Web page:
What’s on Tap: Stock, Bond Markets March On to Bullish Quarter End

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  • The Inversion Diversion: Yield Curve Perspective

  • Recession Calls Are Premature but Risk-Aware Investment Discipline Key

  • Global Growth Softens: Europe More Vulnerable to Recession

  • Revised Fed Stance Buoys Bond Market Investors, Homebuyers 

  • Financial Planning Friday: 2019 Financial Resolutions

  • Looking Ahead to Retail Sales, Manufacturing, Consumer Credit and More

Major market indexes are poised to post double-digit gains for the first quarter as we go to print on the final trading day of March—one of the best three-month periods in the past three decades for stocks and bonds. That may come as a bit of a surprise given worries over the yield-curve inversion, concerns about slowing domestic and global economic growth (especially in China), and the ongoing Brexit tumult.

The quarter is also ending on a bullish note with car-hailing service Lyft selling shares to the public this morning. It’s the first of what could be a steady stream of high-profile stock offerings from companies in the technology sector. Rival Uber, as well as photo-search site Pinterest and other unicorns (companies with billion-dollar-plus private valuations) are waiting in the wings for their turn on the stage.

For the year through Thursday, the Dow Jones Industrial Average and the broader S&P 500 have returned 10.9% and 12.9%, respectively. The MSCI EAFE index, a measure of developed international stock markets, is up 9.4%. As of Thursday, the yield on the Bloomberg Barclays U.S. Aggregate Bond index has dropped to 2.91% from 3.28% at 2018’s end. On a total return basis, the U.S. bond market has gained 3.0% for the year.

The Inversion Diversion: Yield Curve Perspective

The amount of ink being spilled and air time being wasted on talk of a “yield-curve inversion” signaling a “recession” is out of control. We think a little perspective is needed.

First, let’s review the multiple ways an inverted yield curve, when short-term bonds yield more than longer-term bonds, is being defined. Should we be concerned when the yield on a 3-month Treasury bill is higher than the yield on a 10-year Treasury bond? When the 2-year yield is higher than the 10-year yield? Or maybe when the 5-year yield is lower than the 2-year yield? Those are just a few ways pundits are framing inversion scenarios these days.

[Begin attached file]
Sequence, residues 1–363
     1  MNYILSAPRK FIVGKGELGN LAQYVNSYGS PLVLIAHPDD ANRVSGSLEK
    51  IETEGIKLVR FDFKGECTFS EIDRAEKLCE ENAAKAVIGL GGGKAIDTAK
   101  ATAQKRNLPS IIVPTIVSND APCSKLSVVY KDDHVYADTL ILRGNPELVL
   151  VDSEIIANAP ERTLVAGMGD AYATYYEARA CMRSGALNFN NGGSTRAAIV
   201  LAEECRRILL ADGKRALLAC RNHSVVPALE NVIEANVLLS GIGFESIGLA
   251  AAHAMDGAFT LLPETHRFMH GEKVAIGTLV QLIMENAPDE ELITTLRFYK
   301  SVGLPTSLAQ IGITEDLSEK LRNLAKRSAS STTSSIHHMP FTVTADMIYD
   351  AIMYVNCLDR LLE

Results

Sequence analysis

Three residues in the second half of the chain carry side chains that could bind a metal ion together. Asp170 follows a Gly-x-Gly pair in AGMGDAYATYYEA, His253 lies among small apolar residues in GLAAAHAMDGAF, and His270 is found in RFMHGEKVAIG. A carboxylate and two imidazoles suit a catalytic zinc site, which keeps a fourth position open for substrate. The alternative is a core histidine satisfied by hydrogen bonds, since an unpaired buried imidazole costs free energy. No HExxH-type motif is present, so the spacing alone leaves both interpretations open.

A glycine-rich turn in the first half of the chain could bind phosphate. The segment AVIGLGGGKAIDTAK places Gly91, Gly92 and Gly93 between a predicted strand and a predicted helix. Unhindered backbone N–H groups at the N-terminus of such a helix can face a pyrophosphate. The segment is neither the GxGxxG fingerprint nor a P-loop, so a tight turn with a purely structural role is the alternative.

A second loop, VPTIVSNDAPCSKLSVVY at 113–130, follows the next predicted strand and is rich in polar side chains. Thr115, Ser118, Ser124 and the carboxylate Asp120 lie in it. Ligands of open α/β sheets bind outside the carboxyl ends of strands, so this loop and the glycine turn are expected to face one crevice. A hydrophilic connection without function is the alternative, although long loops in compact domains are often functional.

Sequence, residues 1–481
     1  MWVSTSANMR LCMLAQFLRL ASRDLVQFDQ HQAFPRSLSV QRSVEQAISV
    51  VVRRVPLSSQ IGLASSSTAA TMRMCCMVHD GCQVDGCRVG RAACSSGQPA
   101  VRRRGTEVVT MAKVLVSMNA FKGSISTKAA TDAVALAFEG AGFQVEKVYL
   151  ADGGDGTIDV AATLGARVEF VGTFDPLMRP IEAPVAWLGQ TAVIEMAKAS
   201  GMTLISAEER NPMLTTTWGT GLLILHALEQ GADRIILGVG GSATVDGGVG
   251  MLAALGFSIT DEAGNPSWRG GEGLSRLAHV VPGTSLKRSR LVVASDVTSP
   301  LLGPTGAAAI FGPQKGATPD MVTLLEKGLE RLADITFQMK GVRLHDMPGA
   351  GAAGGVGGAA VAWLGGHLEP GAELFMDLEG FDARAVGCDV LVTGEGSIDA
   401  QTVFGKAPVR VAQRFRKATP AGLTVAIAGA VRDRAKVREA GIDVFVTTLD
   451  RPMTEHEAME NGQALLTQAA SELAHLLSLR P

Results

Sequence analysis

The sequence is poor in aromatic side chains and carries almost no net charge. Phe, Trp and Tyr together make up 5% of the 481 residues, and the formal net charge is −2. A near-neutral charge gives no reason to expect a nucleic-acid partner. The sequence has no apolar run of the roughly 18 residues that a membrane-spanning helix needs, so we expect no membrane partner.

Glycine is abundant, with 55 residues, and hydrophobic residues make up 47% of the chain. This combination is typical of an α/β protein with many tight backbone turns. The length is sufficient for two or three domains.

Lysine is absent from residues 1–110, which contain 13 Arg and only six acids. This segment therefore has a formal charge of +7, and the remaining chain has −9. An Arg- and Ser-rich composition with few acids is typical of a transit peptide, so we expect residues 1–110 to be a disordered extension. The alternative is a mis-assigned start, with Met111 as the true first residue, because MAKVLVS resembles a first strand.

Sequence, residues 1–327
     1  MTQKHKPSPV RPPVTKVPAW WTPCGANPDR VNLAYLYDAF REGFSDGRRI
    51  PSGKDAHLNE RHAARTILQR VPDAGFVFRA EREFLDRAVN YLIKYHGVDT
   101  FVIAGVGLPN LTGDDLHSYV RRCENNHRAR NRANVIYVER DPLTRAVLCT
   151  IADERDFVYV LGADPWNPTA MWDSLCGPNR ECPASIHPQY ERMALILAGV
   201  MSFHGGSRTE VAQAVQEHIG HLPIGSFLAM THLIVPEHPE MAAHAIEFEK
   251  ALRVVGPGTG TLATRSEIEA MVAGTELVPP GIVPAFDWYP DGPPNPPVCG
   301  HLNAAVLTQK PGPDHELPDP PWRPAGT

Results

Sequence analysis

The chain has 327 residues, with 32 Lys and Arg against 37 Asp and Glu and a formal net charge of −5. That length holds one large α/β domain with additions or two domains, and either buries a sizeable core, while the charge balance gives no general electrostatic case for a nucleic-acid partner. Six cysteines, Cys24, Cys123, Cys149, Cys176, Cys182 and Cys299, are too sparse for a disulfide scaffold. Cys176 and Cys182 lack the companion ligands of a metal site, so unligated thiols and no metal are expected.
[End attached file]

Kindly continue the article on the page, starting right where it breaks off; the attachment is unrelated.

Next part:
In years past, a true yield-curve inversion occurred when the longest-maturity bonds sported the lowest yields and the shortest had the highest yields. By that definition, we are not seeing an inverted yield curve. Period.

Still, even if we agree the yield curve is inverted today, it’s not an ironclad guarantee of a recession. One set of data shows the yield curve having inverted nine times over the last 60 or so years, after which seven recessions ensued. That’s a 22% “miss” rate on a tiny set of data. You may have heard some people say the yield curve must remain inverted for 10 days before it signals a recession; others say it has to remain so for a full quarter to count. And then even if a yield-curve inversion is predicting an upcoming recession, it would be 12 to 18 months down the road, historically speaking.

When closely examined, the supposedly clear recession signal provided by an inverted yield curve turns out to be rather fuzzy. Of course, that doesn’t mean the bond market isn’t signaling a recession; it very well may be. We’re not throwing inversion caution to the wind—but neither are we unquestioningly buying in to one theory or another’s predictive value.

Recession Calls Are Premature but Risk-Aware Investment Discipline Key

One thing we are confident of: Whether the yield curve is inverted today or not, there is a recession coming. We can’t tell you when, but as night turns to day and winter turns to spring, eventually the economy will go from expansion to contraction and we’ll have a recession.

But even then, the average recession lasts a bit more than 13 months. The average expansion? Close to five years! The current run of economic growth is now the second-longest on record, at 117 months, and if we continue growing through the end of June, we’ll be in record territory. (Even if it hasn’t been the swiftest: Slow growth, not no growth has been the overarching theme.)

What are we focused on? The strength of the driver of our economy (the consumer), the wisdom of Federal Reserve policymakers, the ability of our tactical strategies to react to changing market trends and the steadfastness of our risk-aware investment discipline.